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Modeling the credit card revolution: the role of debt collection and informal bankruptcy

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  • Lukasz A. Drozd
  • Ricardo Serrano-Padial

Abstract

In the data, most consumer defaults on unsecured credit are informal and the lending industry devotes significant resources to debt collection. We develop a new theory of credit card lending that takes these two features into account. The two key elements of our model are moral hazard and costly state verification that relies on the use of information technology. We show that the model gives rise to a novel channel through which IT progress can affect outcomes in the credit markets, and argue that this channel can be critical to understand the trends associated with the rapid expansion of credit card borrowing in the 1980s and over the 1990s. Independently, the mechanism of the model helps reconcile high levels of defaults and indebtedness observed in the US data.

Suggested Citation

  • Lukasz A. Drozd & Ricardo Serrano-Padial, 2013. "Modeling the credit card revolution: the role of debt collection and informal bankruptcy," Working Papers 13-12, Federal Reserve Bank of Philadelphia.
  • Handle: RePEc:fip:fedpwp:13-12
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    References listed on IDEAS

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    1. Igor Livshits & James MacGee & Michèle Tertilt, 2010. "Accounting for the Rise in Consumer Bankruptcies," American Economic Journal: Macroeconomics, American Economic Association, vol. 2(2), pages 165-193, April.
    2. Athreya, Kartik & Sánchez, Juan M. & Tam, Xuan S. & Young, Eric R., 2012. "Bankruptcy and delinquency in a model of unsecured debt," Working Papers 2012-042, Federal Reserve Bank of St. Louis, revised 22 Dec 2016.
    3. Michelle J. White, 2007. "Bankruptcy Reform and Credit Cards," Journal of Economic Perspectives, American Economic Association, vol. 21(4), pages 175-200, Fall.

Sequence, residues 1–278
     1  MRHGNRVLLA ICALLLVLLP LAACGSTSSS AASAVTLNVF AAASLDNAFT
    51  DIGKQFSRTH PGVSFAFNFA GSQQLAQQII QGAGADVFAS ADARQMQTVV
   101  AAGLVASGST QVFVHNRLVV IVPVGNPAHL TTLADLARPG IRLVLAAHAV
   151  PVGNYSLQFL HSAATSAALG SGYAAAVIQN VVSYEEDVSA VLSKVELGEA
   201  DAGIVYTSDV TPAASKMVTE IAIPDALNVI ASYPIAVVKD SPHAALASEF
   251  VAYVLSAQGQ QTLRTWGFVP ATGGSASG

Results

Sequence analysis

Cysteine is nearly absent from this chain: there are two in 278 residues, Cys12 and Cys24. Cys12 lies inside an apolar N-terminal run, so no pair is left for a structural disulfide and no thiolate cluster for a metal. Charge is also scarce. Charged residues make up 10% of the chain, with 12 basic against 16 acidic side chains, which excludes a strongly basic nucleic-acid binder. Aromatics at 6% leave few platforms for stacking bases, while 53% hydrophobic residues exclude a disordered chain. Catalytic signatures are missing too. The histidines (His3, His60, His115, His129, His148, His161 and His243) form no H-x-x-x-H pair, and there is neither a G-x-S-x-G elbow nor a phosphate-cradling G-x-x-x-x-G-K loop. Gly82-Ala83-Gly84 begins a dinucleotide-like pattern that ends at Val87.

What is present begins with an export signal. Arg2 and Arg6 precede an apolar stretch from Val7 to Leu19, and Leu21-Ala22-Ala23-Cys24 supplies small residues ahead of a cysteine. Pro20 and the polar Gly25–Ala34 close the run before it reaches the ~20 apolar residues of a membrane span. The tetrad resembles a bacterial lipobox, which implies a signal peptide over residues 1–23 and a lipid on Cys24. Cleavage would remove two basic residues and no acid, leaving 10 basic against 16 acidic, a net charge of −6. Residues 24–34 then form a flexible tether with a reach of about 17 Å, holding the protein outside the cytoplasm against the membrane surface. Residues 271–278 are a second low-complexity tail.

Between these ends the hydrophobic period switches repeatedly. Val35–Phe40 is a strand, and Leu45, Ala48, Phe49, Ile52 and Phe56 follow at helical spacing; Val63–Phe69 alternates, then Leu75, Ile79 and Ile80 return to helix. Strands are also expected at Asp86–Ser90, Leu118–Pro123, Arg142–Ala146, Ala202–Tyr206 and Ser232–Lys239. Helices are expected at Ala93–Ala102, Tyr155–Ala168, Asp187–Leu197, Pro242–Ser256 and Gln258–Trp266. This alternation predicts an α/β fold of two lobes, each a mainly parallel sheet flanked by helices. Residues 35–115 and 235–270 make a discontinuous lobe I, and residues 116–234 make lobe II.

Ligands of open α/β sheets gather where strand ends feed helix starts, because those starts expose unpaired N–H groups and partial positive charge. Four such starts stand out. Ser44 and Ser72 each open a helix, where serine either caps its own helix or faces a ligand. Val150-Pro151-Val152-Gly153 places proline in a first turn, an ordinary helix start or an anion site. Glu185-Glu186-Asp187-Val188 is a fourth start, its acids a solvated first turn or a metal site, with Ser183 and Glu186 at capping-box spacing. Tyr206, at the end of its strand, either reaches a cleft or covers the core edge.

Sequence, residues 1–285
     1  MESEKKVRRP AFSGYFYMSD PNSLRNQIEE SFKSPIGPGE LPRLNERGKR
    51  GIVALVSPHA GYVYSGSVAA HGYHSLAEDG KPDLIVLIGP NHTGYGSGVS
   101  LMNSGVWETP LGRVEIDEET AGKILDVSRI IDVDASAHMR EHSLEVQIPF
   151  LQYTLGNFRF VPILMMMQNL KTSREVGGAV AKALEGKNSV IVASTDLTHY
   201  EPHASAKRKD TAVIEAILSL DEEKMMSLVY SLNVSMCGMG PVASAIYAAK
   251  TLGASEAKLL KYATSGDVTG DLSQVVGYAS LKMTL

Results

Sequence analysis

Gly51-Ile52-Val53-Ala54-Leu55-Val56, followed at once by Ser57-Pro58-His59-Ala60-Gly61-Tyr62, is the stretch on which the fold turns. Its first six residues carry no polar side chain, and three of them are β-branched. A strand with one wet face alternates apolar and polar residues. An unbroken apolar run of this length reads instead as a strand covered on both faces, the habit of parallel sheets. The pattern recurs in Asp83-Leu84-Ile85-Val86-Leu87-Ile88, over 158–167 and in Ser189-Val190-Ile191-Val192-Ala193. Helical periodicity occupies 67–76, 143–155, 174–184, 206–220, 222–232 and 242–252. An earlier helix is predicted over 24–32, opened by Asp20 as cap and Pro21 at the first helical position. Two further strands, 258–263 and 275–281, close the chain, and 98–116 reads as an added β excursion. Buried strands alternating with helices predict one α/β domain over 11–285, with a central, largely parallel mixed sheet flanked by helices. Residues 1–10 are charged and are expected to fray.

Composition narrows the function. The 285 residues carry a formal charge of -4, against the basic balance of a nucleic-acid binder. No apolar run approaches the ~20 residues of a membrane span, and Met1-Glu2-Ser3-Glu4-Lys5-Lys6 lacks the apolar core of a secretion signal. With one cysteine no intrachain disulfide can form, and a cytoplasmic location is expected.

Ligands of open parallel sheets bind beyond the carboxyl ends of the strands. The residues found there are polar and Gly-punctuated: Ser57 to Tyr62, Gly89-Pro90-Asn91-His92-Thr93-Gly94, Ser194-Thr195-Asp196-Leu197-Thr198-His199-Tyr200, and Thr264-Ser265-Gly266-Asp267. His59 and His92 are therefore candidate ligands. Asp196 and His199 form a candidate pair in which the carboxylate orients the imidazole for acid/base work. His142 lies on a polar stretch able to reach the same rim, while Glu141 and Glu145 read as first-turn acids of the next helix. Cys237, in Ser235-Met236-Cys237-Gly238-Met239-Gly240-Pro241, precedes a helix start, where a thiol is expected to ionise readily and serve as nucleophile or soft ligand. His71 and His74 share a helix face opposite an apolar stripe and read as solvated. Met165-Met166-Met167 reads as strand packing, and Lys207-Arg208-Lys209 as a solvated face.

4. Xavier Mateos-Planas & David Benjamin, 2012. "Formal vs. Informal Default in Consumer Credit," 2012 Meeting Papers 144, Society for Economic Dynamics.
    5. Viktar Fedaseyeu, 2012. "Debt Collection Agencies and the Supply of Consumer Credit," Working Papers 442, IGIER (Innocenzo Gasparini Institute for Economic Research), Bocconi University.
    6. Jim MacGee & Igor Livshits & Michele Tertilt, 2008. "Costly Contracts and Consumer Credit," 2008 Meeting Papers 385, Society for Economic Dynamics.
    7. White, M.J., 1998. "Why Don't More Households File for Bankruptcy?," Papers 98-03, Michigan - Center for Research on Economic & Social Theory.
    8. Kyle F. Herkenhoff, 2012. "Informal unemployment insurance and labor market dynamics," Working Papers 2012-057, Federal Reserve Bank of St. Louis.
    9. Satyajit Chatterjee, 2010. "An Equilibrium Model of the Timing of Bankruptcy Filings," 2010 Meeting Papers 1282, Society for Economic Dynamics.
    10. Michelle J. White, 2007. "Bankruptcy Reform and Credit Cards," NBER Working Papers 13265, National Bureau of Economic Research, Inc.
    11. Juan M. Sánchez, 2010. "The IT revolution and the unsecured credit market," Working Papers 2010-022, Federal Reserve Bank of St. Louis.
    12. White, Michelle J, 1998. "Why Don't More Households File for Bankruptcy?," Journal of Law, Economics, and Organization, Oxford University Press, vol. 14(2), pages 205-231, October.
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    Citations

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    Cited by:

    1. Viktar Fedaseyeu, 2012. "Debt Collection Agencies and the Supply of Consumer Credit," Working Papers 442, IGIER (Innocenzo Gasparini Institute for Economic Research), Bocconi University.
    2. Yuriy Gorodnichenko & Marianna Kudlyak & John Mondragon & Olivier Coibion, 2014. "Does Greater Inequality Lead to More Household Borrowing? New Evidence from Household Data," 2014 Meeting Papers 402, Society for Economic Dynamics.
    3. Fedaseyeu, Viktar & Hunt, Robert M., 2014. "The economics of debt collection: enforcement of consumer credit contracts," Working Papers 14-7, Federal Reserve Bank of Philadelphia.
    4. Luzzetti, Matthew N. & Neumuller, Seth, 2016. "Learning and the dynamics of consumer unsecured debt and bankruptcies," Journal of Economic Dynamics and Control, Elsevier, vol. 67(C), pages 22-39.
    5. Davis, Andrew & Kim, Jiseob, 2017. "Explaining changes in the US credit card market: Lenders are using more information," Economic Modelling, Elsevier, vol. 61(C), pages 76-92.

    More about this item

    Keywords

    Credit cards ; Consumer credit ; Credit ; Moral hazard;

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